The Baltimore Ravens got some shocking news when John Urschel announced that he was retiring from football:
The Baltimore Ravens offensive line didn’t become any less concerning with the sudden retirement of John Urschel. Instead of being the front runner for the center position, Urschel is starting a chapter of his life without football. Urschel was a rare football player. Urschel is trying to gets his Ph. D. from MIT. In other words, this is a man who has a lot going on outside of football. His retirement is surprising only because of the timing. If Urschel had retired after the 2016 season, nobody would have been all that shocked. Like I said, he has a lot going on. However, Urschel retired when training camp began. That is something that doesn’t happen very often.
1. Is this because of CTE, and should the NFL be worried about this becoming a trend?
John Urschel is not the first player in the NFL who has retired because of health concerns. Chris Borland was the first to make a big splash retirement because of health concerns, and Urschel won’t be the last. Urschel places a high value on his brain; it’s unlocking a lot of doors for him. There is a definitive pattern of these retirements but I wouldn’t say it was a trend. The NFL should has been afraid of this for a long time. The good news for the Roger Goodell led league, is that there aren’t a lot of Ph. D. seeking mathematicians in football.
There is a lot of speculation that the recent JAMA study that basically concluded that CTE was almost a certainty for NFL players. I doubt the research article pushed Urschel to retirement. I severely doubt this was news to a person who has been described as a genius. Urschel has probably been stewing over this for a while. It’s not a news flash that contact sports can have unsettling consequences. Urschel ultimately made the decision that he thought he had to make.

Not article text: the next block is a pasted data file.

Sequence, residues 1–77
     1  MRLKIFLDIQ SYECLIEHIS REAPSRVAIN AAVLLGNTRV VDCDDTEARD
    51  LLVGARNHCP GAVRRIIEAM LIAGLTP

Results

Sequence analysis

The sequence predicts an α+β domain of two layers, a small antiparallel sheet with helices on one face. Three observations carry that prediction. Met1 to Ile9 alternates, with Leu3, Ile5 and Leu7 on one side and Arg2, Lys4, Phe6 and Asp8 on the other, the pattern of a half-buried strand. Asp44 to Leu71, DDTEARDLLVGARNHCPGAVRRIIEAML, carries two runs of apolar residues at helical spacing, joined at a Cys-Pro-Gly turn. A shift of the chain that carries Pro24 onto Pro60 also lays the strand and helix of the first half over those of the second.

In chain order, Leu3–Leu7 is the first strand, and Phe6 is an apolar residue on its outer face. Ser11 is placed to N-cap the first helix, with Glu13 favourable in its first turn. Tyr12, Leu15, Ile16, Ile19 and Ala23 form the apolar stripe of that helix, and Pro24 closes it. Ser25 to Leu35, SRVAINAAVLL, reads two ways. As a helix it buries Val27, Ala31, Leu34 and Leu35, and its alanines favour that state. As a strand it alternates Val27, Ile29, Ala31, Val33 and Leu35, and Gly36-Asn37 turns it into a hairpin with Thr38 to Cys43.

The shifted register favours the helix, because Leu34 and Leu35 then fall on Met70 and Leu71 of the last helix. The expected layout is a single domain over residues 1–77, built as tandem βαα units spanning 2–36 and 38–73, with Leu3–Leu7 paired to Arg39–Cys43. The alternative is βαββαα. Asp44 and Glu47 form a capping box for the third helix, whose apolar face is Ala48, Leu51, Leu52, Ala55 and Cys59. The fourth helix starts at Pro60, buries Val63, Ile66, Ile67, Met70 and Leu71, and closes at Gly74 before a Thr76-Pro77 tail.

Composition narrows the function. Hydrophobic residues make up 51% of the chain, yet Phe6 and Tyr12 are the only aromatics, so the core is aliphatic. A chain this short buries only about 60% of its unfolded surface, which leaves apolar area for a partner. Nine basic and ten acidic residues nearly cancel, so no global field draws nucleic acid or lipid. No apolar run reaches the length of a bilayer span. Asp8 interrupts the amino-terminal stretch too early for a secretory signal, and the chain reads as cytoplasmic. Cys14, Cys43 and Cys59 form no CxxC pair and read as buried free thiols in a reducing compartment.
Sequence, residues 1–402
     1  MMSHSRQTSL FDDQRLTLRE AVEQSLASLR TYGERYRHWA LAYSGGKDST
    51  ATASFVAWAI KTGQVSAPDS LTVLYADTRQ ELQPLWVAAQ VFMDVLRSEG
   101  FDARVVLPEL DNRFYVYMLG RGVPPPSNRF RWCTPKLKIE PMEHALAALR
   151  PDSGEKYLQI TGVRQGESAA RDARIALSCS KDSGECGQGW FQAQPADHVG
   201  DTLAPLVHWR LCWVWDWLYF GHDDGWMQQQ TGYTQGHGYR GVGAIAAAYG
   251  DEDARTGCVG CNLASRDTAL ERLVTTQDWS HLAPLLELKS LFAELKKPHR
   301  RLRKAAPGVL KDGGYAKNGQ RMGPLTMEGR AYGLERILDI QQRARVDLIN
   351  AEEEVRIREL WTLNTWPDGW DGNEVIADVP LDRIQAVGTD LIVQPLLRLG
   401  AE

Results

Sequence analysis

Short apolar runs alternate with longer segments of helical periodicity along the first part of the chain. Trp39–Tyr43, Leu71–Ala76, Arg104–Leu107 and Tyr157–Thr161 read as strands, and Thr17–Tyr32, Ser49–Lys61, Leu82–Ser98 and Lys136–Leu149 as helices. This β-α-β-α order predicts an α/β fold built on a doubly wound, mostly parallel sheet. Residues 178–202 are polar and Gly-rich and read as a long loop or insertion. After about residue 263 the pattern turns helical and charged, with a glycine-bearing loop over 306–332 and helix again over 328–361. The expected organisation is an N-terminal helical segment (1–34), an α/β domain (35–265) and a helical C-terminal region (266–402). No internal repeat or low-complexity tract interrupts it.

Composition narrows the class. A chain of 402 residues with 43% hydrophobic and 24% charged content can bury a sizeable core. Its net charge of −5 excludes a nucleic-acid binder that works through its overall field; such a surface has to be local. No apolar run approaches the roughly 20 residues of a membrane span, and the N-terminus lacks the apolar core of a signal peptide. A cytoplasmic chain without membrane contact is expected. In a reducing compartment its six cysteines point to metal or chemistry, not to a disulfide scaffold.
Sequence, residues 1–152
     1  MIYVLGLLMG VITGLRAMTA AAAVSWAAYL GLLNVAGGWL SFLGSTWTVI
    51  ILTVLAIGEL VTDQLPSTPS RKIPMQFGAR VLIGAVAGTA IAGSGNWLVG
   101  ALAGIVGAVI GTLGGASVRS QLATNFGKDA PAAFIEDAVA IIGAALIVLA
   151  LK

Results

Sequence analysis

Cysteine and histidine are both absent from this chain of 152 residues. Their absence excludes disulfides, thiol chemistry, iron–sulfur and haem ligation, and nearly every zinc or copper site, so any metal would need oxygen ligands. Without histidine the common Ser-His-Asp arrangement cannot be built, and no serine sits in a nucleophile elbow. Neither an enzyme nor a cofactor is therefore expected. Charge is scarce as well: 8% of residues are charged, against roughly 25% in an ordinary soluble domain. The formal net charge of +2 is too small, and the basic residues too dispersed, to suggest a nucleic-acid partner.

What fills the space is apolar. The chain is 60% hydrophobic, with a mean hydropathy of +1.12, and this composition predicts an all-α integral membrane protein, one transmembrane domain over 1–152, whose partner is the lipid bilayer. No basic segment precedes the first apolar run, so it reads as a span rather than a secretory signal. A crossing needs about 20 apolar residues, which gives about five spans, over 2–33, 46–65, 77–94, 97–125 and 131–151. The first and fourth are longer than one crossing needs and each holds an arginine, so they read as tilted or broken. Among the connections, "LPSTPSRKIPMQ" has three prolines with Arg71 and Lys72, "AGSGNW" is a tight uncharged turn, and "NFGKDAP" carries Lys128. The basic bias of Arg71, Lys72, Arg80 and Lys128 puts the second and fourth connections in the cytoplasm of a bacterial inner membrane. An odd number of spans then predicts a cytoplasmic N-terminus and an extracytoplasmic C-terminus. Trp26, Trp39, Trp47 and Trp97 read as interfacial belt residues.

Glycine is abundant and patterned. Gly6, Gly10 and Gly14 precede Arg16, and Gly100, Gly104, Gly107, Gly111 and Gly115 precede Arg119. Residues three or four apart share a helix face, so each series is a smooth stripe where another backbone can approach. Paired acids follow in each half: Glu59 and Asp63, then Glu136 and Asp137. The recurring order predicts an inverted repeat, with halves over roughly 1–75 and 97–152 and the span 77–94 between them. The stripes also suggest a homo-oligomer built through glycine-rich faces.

This is the statement that Urschel gave, which Ryan Mink shared in his article on the Ravens official site:
"“Thank you to everyone for the kind words today. It wasn’t an easy decision, but I believe it was the right one for me. I’m extremely grateful to the Ravens, and blessed to have been able to play the game I love at the highest level. It is a great game. There are some games – like the playoff game at Pittsburgh – that I will never forget. “I’m excited to start working on my doctorate in mathematics full time at MIT. I’m looking forward to the chance to take courses that are only offered in the fall semester, while spending time with my fiancé and preparing myself for the new challenges that come with fatherhood. We’re expecting our first child in December.”"